Journalism: Feature News vs. Hard News Writing with Dale Rice

Posted in Home Furnishings, Local journalism, Uncategorized on October 18th, 2020
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[ music intro] MEGHAN: Howdy and Welcome back to WriteRight, Today we are talking with Dale Rice, Director of Journalism Studies now at Texas A& M, about significant differences in hard news and peculiarity story writing. What is feature writing and how is it differentfrom hard news? DALE RICE: Well in general Id say in journalismyou can basically say that true narrations fall into two categories. They fall into the hardnews list, or they fall into the feature category. The hard news are those storiesthat are covering the events that are taking place out there. Feature tales are muchmore either playing off that or are recreation, droll, or life divulging various kinds of floors. Good examplesof feature kinds of writing: music, the arts, movies, menu, leisure of all kinds, manner. These are all things that parties have a great deal of interest in but may notbe the most pressing issues of the day. And so you turn around and look for ways to writestories about those things that are interesting, fun, engaging.MEGHAN: Okay, well when you write a featurestory dont you go about it in a much different mode? DALE RICE: Of direction both narrations are goingto have all of the basic facts. Theres no doubt about that. But the basic news story, youre going to concentrate on getting those essential facts high in the fib and beingvery direct with beings and getting to the point quickly and clearly. In the featurestory, you have an opportunity to have far more varied writing styles. And its notjust that you can play with one particular style however dozens of writing stylesthat you can use in feature writing, and it gives you a chance to, I reckon, have moreof an individual voice as a writer.It gives you the opportunity to play with languagemuch more. And, one other aspect of feature writing is that the vast majority of featuresare not written on a daily deadline. You have more duration , not only to work on the languagebut to work on the storey anatomy as well and to be addressed the room in which youre constructinga story, and where in the tale do you want to reveal the key element? Do you wantto save things for midway through or even important details for the end? You have thatkind of opportunity in story construction to say ah, I might not want to reveal all, I might want to keep this almost like a puzzle and divulge the most important thing rightat the end. MEGHAN: Now, an intro for a feature storycan be much different than a hard news story? DALE RICE: Yeah for the feature narratives, youcan get a lot more into anecdotal writing and explanatory writing and spend a lot moretime setting the background than you would do in a hard news story. So thats a bit of thereason that you have so many different approaches that you can take in a feature story.Youcan really hone in on somebodies figure, somebodys personality, the kinds of thingsthat really wouldnt come to play in a news story, right? I entail really how the personlooks, or how the person or persons behaves, or what theyre personal situation is, seldom contributesto whats happening in the news story, unless of course theyre a serial executioner thatscaught and then youd go after all of that sort of thing, or a casualty. But, for the mostpart when you have people who are involved in government, for example, discussing thebig issues of the day, what theyre wearing to the press conference is just not important.But in a feature story that entire appearing thing might in fact be the first three orfour sections of your storey as you try and establish every little detail about how somebodyis appearing and behaving during, for example, a news conference. So if you were writinga feature story about the same event you would take a particularly very different approach to it. MEGHAN: In hard news you are expected to grabthe book with a captivate contribute and hand the facts as quickly and clearly as possible.In a feature story you get the opportunity to use description and detail to entice yourreader.Your interviews can be more indepth and can focus on how people feel about anissue rather than just what happened. In Dale Rices Media Writing I and II students getthe opportunity to practice writing both feature and hard news fibs. In our next bout, Dale Rice will discuss ways to approach sensitive or difficult interrogations. Thanks for listening to this episode of Write Right, well “ve seen you” next time ..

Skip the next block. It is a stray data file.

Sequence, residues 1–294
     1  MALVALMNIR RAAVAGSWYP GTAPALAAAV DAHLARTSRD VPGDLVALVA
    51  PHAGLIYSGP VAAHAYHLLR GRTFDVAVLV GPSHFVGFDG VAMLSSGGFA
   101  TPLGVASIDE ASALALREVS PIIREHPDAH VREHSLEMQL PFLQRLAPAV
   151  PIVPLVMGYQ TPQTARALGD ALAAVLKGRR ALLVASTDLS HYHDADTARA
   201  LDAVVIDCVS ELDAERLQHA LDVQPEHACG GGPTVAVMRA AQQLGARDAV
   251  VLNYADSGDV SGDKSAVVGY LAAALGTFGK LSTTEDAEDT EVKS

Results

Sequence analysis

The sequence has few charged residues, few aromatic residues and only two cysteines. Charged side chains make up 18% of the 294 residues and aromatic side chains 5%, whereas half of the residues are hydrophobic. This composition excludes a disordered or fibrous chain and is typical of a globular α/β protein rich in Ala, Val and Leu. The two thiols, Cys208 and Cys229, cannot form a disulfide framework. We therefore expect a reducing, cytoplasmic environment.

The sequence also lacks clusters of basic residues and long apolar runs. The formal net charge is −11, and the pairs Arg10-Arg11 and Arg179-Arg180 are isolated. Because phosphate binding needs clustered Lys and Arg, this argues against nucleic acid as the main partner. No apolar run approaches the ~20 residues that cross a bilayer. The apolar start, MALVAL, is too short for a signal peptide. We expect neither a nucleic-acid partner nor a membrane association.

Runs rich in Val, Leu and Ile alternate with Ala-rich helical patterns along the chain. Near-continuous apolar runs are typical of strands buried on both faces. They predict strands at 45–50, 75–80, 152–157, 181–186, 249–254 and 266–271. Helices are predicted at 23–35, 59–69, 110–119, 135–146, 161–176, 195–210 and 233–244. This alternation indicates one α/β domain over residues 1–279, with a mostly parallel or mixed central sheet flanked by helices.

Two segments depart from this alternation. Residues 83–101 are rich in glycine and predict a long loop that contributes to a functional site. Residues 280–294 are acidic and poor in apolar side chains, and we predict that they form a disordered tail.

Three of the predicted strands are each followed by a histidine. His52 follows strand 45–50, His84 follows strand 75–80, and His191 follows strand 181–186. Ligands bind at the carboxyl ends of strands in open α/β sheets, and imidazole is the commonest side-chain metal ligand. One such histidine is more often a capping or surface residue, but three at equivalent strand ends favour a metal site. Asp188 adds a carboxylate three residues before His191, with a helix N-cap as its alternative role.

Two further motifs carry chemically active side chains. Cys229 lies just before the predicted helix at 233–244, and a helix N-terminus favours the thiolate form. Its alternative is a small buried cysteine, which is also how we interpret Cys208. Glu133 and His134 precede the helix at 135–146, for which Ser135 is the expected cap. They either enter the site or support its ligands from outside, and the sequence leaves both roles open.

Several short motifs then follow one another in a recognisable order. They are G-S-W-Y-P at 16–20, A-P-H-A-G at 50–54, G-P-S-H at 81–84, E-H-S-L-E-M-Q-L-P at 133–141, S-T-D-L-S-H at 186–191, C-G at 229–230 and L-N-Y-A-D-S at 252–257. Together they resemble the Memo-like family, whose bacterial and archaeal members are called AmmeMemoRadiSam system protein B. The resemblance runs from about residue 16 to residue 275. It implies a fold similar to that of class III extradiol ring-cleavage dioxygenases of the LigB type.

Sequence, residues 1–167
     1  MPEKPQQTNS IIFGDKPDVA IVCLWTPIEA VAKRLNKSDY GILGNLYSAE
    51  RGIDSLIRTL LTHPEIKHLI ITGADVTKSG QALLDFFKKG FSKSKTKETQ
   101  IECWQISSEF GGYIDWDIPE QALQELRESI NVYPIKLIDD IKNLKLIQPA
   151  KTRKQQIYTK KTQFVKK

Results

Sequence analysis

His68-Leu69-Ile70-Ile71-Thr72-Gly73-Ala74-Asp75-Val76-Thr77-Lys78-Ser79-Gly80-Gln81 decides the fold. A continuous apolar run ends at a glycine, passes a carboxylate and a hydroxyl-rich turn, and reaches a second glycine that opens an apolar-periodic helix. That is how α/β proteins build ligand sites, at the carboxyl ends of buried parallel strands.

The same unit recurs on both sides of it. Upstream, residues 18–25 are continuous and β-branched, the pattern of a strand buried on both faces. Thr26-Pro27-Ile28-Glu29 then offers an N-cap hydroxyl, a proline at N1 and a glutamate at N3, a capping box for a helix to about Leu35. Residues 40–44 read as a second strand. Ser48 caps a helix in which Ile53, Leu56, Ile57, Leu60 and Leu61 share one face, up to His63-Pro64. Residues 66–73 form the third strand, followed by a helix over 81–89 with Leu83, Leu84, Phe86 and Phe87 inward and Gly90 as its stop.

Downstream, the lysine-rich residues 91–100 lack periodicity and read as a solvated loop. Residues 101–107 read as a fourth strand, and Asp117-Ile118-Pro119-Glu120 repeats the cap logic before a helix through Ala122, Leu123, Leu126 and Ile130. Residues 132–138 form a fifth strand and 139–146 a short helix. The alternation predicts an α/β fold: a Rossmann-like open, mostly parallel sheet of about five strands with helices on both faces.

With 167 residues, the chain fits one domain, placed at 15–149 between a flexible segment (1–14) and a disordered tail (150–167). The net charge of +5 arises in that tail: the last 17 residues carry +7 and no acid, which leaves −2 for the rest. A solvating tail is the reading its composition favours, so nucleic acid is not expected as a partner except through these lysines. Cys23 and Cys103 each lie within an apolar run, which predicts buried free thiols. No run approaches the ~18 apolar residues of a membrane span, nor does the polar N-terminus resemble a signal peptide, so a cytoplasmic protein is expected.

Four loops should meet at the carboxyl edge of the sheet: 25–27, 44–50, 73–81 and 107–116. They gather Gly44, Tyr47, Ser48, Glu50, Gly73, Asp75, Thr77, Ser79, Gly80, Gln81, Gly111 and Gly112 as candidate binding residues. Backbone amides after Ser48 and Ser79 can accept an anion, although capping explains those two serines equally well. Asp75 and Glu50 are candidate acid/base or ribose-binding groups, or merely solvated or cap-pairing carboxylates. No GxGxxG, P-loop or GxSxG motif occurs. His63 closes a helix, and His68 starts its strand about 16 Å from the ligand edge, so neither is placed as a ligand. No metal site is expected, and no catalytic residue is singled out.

How Journalism Education Applies to Food Writing – Sarah Simmons